Air pollution - National Responses (Spain)

SOER 2010 Common environmental theme (Deprecated) expired
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This content has been archived on 21 Mar 2015, reason: A new version has been published
SOER Common environmental theme from Spain
Published: 26 Nov 2010 Modified: 21 Mar 2015

Fight against climate change

The actions and initiatives implemented by the Spanish Ministry of the Environment and Rural and Marine Affairs to combat climate change are based on reducing emissions, saving energy, increasing energy efficiency and raising renewable energy's contribution whilst preserving competitiveness, jobs and economic and budgetary stability. Key elements of this policy are the National Emission Rights Allocation Plans and the Spanish Climate Change and Clean Energy Strategy. Horizon 2007–2012–2020.

'Climate Change Policies in the EU and Spain: Analysis and Perspectives. Environment Series. Number ES, January 2009' compiles all of the initiatives adopted in this regard and describes their characteristics and envisaged scope.

Measures will also be implemented by Spain's Regional Governments and will include actions identified as additional to those set out in earlier chapters.

Other measures of interest that will undoubtedly contribute to emissions reductions include the 2008–2012 Action Plan under the Energy Saving and Efficiency Strategy, the 2005–2010 Renewable Energy Plan, the Strategic Infrastructure and Transport Plan and the Building Code.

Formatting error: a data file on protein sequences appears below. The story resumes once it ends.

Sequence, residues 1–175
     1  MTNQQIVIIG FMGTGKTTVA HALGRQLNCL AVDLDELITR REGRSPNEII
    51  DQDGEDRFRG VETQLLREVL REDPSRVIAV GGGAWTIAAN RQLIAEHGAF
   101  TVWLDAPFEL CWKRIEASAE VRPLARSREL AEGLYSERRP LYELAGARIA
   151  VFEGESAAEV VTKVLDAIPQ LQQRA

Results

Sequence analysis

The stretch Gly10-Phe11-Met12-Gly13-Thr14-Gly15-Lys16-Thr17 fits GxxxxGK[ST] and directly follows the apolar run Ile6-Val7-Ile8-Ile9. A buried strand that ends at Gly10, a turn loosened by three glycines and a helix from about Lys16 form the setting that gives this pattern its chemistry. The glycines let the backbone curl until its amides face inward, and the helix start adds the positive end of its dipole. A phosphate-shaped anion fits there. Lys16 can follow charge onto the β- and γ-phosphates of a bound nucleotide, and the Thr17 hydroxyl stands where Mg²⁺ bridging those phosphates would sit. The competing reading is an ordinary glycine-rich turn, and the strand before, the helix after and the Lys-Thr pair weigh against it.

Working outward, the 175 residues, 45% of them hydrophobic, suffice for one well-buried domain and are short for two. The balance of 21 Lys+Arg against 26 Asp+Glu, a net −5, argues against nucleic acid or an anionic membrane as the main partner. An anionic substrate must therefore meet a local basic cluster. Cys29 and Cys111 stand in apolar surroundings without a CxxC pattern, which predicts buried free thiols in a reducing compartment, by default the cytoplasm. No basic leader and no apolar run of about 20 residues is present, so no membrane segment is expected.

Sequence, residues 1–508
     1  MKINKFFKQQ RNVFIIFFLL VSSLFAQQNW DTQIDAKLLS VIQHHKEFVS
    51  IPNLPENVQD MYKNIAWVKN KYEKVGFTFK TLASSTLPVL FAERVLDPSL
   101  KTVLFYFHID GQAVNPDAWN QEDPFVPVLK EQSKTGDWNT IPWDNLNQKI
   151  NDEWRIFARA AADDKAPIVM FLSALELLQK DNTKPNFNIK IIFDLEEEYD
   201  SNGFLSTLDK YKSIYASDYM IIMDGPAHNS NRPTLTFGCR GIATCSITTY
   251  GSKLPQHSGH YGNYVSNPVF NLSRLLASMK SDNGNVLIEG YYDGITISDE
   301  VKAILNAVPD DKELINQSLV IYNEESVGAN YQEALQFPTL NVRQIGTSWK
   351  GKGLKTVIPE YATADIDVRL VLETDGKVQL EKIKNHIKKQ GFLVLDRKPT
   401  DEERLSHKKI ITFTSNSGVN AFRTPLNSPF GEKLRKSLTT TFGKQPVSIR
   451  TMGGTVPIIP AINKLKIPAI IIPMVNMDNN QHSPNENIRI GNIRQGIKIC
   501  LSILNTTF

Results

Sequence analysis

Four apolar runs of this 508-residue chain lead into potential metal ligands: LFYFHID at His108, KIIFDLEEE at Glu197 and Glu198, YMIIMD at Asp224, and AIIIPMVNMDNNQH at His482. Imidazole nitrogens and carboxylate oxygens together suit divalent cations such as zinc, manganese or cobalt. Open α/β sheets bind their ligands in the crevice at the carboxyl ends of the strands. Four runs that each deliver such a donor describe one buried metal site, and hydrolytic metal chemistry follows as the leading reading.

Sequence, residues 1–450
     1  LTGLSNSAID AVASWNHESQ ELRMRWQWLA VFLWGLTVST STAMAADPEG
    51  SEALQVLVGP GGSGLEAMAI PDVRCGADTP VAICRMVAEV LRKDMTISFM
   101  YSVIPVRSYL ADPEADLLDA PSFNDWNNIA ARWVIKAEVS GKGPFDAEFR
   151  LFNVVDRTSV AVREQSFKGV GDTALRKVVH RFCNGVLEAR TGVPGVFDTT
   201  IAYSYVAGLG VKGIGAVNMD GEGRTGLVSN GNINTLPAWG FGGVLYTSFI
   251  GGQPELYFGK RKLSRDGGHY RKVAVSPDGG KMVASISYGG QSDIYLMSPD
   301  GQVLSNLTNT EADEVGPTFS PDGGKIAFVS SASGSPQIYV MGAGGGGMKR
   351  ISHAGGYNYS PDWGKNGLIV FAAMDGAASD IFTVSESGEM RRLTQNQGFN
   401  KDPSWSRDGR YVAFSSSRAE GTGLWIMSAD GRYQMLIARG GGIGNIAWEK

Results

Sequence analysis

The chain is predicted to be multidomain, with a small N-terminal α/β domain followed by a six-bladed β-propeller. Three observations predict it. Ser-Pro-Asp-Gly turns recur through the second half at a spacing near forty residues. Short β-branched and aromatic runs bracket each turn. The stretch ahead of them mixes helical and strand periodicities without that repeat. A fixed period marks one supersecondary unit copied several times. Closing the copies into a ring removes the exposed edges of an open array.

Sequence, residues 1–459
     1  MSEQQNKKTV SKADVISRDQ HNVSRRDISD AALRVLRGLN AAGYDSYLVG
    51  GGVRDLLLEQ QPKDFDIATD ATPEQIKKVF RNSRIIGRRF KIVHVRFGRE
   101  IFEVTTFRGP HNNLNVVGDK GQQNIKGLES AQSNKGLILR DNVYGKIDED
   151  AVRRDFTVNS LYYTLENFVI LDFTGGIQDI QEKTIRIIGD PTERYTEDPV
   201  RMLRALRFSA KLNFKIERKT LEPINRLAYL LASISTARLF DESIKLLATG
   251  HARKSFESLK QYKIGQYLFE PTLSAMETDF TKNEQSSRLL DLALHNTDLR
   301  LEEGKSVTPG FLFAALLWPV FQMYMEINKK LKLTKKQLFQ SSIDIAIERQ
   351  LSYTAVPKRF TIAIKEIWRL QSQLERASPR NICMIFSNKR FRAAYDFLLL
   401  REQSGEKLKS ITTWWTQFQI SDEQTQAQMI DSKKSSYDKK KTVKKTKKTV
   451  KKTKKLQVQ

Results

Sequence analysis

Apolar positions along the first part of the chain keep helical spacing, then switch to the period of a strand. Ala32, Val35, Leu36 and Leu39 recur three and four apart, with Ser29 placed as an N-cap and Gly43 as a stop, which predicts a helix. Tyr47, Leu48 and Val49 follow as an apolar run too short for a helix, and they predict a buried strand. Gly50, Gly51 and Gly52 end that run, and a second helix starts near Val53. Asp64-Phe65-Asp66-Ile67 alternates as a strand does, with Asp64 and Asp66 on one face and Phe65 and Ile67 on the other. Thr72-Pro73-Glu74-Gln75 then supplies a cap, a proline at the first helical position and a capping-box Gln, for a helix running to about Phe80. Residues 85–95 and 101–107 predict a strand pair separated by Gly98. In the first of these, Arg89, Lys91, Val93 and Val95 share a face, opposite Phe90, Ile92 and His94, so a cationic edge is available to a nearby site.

Emissions reductions

In 2008, the MARM approved the Second National Emissions Reduction Programme. This will be implemented through a series of sectoral action plans that fall within the scope of the Action Plan for Application of the Second National Emissions Reduction Programme in accordance with the National Emissions Ceiling Directive.

As regards air quality (including that in the urban environment), two of the principal measures are the Spanish Air Quality Strategy and Law 34/2007, on Air Quality and Protection of the Atmosphere.

Among other aspects, this latter piece of legislation makes it mandatory for Regional Governments to adopt plans and programmes to improve air quality and to comply with the air quality targets set for their territory. This also applies to towns and cities with over 100 000 inhabitants.




The country assessments are the sole responsibility of the EEA member and cooperating countries supported by the EEA through guidance, translation and editing.

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